1611 Adeola Hopewell Street, Victoria Island, Lagos, Nigeria

Inlaks ATM Academy Gives Back to the Community, Creates Employment through Technical Training (Demo)

One of the determinants that halt economic growth in any country is the unemployment rate. Unemployment has a negative impact on the economic and political prosperity of a country. In Nigeria, the level of unemployment is with more than 60% of the youths unemployed and over 1.8 million graduates joining the labour market annually.

In a recent data that was published by the National Bureau of Statistics (NBS), the unemployment rate was at 14.2% in the last quarter of 2016, up from 13.9% in the preceding quarter. It’s the ninth consecutive quarter that the unemployment rate in Nigeria has increased.

The government agency reported that the rate rose from 13.9 per cent in the third quarter to 14.2 per cent in the fourth quarter of 2016.

Its effects can be seen in the numbers of crime that are perpetrated daily around the country. The insurgents and militants in the country are as a result of youth restiveness and unemployment.

Apart from insufficient numbers of jobs in the country, another challenge that poses greater challenge to most private organizations in building the workforce is the “not-fit-for employment” of the Nigerian employees.

What this impasse means is that a large number of the youths are deficient in the requisite qualities necessary to get and keep a job, and lacking the right skill sets to address work-related challenges.

Managing Director/CEO, Africa Operations, Inlaks, Femi Adeoti, explained that the company considered the setting up of the ATM Academy and the recruitment exercise as a way of giving back to the society.

“We have taken these youths off the streets and trained them. We are helping the society to address the challenge of unemployment by training these youths and turning them into responsible and skillful adults”, he said.

In addressing the unemployment and lack of adequate capacity and skills in Nigeria, Inlaks, a specialist organization in the deployment of dynamic and highly scalable IT infrastructure in Africa, has trained thirteen Nigerian youths on how to build, repair and service Automated Teller Machine [ATM], power solutions, printed circuit board (PCB) and software installation.

The Director of Infrastructure, Business Unit of Inlaks, Tope Dare explained how the school recruits its trainees into the Inlaks ATM Academy.

He said that the company decided to train the youths who are unemployed to fill the vacant positions instead of going through the usual recruitment process.

“About six months ago, we needed to expand our workforce to support our ATMs at the various financial institutions and we had the option of going into the market to recruit.

“I wondered why we should do that at a very high cost to the company when there are many Nigerians who are unemployed and are looking for what to do. I felt we could bring them in, train them and turn them into assets for the company and society. It’s also a way to give back to the community.”

He further said that Inlaks received hundreds of applications when it published its plans to recruit the unemployed youths and that after an online test was conducted, 15 of the youths got the upper hand.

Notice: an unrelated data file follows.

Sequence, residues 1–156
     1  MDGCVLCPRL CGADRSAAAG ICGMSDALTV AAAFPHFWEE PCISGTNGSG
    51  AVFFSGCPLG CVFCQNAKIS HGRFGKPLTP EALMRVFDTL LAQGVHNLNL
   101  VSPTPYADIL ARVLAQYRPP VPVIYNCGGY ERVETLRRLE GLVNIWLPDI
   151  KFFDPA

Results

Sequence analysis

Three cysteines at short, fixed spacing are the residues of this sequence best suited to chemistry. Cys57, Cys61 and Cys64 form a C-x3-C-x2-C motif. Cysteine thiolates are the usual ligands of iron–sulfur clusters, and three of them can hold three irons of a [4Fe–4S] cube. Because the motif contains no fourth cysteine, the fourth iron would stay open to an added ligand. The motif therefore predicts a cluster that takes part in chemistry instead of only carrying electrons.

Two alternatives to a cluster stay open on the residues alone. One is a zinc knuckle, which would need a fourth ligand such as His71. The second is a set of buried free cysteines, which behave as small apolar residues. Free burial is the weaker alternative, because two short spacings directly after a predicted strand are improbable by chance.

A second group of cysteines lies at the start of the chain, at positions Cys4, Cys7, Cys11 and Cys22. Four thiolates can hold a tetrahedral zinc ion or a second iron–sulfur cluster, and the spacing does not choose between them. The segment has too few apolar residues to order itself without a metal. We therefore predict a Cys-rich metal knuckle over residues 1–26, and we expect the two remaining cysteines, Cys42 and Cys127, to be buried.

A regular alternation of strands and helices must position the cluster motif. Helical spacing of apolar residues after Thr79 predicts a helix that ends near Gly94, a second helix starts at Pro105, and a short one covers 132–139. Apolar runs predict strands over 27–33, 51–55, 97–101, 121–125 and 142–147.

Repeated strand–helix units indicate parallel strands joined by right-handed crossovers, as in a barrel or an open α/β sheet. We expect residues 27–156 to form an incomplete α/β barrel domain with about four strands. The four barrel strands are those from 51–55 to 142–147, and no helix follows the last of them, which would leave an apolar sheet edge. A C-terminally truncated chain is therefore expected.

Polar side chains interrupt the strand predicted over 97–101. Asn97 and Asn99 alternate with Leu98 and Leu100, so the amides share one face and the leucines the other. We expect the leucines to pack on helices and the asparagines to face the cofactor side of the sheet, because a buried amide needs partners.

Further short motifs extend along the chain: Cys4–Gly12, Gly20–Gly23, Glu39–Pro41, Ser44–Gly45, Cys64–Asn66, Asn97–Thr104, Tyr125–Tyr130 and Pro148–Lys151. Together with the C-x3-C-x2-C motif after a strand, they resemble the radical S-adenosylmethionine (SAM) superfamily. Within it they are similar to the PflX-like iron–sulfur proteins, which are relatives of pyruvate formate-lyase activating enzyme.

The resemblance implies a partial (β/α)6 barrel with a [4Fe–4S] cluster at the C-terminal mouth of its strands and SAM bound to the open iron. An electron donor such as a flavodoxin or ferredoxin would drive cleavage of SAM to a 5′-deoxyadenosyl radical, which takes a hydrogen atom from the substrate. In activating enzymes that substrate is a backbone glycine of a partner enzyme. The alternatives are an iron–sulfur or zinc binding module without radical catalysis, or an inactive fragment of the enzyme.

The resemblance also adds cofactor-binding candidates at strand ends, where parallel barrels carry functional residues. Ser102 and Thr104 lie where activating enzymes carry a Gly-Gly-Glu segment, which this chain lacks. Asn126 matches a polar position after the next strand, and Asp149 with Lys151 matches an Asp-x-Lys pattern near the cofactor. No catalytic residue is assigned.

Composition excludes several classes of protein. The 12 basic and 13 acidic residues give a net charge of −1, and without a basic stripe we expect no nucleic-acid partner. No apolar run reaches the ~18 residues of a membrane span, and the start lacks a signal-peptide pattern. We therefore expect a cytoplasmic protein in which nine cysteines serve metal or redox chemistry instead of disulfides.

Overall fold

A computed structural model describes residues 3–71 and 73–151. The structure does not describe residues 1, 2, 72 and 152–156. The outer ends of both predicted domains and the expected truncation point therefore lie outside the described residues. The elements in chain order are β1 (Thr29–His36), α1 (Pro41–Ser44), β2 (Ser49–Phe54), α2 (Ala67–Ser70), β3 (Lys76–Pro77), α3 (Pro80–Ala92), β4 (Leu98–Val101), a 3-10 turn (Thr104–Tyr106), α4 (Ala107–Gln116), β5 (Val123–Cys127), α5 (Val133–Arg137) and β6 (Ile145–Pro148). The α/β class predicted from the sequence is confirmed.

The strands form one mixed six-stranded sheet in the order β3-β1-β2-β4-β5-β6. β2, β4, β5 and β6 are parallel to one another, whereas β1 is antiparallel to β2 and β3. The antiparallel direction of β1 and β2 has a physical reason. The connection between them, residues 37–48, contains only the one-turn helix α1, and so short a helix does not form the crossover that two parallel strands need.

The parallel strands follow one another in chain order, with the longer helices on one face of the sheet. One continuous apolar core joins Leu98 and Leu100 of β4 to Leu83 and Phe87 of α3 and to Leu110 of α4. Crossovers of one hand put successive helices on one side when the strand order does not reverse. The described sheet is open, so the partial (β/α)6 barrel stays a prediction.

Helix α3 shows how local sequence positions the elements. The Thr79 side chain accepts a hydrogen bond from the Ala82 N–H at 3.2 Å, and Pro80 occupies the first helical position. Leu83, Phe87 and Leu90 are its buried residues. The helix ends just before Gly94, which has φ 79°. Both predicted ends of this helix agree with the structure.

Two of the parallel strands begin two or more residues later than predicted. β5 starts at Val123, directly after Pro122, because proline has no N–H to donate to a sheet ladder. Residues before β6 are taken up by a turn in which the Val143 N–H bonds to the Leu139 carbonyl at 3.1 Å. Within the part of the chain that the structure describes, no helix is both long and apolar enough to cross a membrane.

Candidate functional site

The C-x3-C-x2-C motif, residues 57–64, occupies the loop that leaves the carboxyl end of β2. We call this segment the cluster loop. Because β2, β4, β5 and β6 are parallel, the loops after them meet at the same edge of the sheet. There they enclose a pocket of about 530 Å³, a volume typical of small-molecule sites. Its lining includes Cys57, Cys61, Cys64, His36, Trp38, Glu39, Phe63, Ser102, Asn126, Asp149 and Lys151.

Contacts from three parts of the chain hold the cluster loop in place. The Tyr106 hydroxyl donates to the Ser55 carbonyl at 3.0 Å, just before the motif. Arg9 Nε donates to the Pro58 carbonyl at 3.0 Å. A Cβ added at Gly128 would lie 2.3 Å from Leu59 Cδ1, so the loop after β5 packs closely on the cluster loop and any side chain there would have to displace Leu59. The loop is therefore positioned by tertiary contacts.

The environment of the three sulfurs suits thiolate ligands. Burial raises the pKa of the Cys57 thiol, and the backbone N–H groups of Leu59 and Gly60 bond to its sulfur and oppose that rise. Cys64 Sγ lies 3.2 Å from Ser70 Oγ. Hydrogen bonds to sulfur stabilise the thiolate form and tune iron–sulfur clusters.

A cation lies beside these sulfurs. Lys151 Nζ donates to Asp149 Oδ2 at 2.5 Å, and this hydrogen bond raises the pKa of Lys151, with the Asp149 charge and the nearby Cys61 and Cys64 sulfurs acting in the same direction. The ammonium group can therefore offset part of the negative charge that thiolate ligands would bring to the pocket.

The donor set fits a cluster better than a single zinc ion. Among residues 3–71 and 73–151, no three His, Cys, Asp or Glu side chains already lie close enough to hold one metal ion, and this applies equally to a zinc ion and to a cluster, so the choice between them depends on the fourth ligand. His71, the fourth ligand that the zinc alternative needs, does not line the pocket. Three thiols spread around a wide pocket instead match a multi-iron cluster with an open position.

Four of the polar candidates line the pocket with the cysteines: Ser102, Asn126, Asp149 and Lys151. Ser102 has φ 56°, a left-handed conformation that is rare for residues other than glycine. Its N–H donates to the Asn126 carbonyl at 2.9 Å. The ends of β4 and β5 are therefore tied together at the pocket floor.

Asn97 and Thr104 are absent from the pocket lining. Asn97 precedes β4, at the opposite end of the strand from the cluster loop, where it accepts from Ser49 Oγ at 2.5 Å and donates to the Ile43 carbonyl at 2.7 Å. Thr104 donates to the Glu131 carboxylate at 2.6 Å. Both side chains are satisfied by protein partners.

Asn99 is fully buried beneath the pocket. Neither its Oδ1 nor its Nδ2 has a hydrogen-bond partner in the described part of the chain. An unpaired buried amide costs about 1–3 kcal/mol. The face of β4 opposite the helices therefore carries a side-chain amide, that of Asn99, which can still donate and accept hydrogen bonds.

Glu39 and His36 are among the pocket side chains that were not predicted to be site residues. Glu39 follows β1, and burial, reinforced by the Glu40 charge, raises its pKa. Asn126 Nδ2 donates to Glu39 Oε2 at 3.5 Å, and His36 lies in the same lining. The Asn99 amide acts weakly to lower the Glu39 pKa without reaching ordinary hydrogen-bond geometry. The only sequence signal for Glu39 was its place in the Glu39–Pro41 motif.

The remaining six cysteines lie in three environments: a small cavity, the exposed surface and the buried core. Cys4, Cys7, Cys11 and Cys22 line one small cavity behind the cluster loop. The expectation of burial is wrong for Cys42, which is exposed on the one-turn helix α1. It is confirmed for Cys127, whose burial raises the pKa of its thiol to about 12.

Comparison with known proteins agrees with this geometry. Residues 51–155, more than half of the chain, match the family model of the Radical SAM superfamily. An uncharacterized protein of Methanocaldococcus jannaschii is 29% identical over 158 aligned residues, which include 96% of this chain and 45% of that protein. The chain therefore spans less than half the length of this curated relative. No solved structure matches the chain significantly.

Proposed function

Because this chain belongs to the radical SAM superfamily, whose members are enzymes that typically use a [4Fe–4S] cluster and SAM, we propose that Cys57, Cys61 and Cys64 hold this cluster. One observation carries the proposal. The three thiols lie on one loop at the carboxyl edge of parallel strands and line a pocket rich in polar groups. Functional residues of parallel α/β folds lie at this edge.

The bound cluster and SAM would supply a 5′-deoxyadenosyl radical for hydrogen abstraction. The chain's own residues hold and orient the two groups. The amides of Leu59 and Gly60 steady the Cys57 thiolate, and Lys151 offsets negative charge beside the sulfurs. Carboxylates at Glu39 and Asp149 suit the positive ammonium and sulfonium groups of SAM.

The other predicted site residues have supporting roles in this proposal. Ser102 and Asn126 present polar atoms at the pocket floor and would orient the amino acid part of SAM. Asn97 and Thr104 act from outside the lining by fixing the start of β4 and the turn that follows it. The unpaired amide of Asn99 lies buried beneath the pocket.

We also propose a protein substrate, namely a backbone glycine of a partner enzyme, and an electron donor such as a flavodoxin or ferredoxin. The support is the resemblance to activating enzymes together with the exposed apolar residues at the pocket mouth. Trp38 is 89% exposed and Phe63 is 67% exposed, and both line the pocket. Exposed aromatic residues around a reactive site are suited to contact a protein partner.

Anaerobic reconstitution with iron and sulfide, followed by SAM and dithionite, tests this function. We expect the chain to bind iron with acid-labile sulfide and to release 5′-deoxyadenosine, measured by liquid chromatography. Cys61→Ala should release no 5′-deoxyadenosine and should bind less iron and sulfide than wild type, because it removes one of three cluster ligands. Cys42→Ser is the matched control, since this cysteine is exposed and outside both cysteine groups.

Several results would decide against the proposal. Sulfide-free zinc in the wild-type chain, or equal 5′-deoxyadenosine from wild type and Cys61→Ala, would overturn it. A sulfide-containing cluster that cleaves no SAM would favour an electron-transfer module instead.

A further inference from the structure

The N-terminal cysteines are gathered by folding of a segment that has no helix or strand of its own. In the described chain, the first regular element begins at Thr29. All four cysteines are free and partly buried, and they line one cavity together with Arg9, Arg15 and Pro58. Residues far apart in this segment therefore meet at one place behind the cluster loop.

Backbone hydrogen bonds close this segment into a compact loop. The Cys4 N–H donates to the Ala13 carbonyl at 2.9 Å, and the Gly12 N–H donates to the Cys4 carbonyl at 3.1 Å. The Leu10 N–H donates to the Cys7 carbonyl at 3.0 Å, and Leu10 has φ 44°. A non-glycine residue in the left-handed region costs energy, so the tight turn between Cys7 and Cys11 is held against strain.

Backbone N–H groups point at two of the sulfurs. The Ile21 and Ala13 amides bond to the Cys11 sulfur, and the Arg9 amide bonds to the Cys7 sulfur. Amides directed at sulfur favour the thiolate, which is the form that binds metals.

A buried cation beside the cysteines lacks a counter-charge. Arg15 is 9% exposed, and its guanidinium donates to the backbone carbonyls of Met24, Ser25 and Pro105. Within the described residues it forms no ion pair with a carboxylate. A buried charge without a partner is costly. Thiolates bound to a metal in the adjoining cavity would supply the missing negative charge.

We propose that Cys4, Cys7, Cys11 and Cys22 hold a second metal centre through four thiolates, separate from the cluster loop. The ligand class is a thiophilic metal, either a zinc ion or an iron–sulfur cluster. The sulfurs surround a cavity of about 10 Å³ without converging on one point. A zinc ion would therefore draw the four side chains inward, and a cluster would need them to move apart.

On why it is important to have more ATMs when financial technology companies are coming up with different innovative ideas to discourage the use of cash and government canvassing for cashless society, Dare maintained that Nigeria is still a country where 41.6% Nigerians are financially excluded with adult population of 98 million and 38 million banked Nigerians with only 17,000 ATMs.

“There are long lines of queues at the ATM every weekend and during the holidays. That tells you that ATM ratio density is far from what we have today. Cash is still king. In the Western world, ATMs are still being deployed daily.

“We live in a country where predominantly we still depend on cash. There are still opportunities in deploying ATM. The demand for ATM has been on the increase and we have been installed several ATMs in the last three years. What we have today is not sufficient to meet the needs of the customers and we can’t continue to recruits through the normal route. That’s the reason we set up the ATM Academy to provide for our present and mid-term need of organization”.

Training Manager of Inlaks Academy, Ramon Alabi, who was optimistic about the various trainings the youths had undergone, said that he was very sure the youth would turn out good.

“I am very confident and 100% sure based on the quality of our training that the youth have gone through. The trainings cut across other aspects of ATM support services including technical aspect to the backend operation, customer service operation, the spare part request, the software.”

One of the trainees, Lucky Okorotome, who could not hide his excitement after his graduation, said that the training had given him depth understanding of what it takes to repair and service an ATM.

“We have been here for 6 months and gone through series of trainings from ATM to power solutions, PCBs and software. I know Inlaks would impart knowledge into me. We have been through the practical and theoretical aspect of the training.

“The training has taught us human relations management, customer and communication skills and more”, he said. Okorotome intends to acquire more capacity and deepen his knowledge as he continues his development at Inlaks working as ATM engineer.

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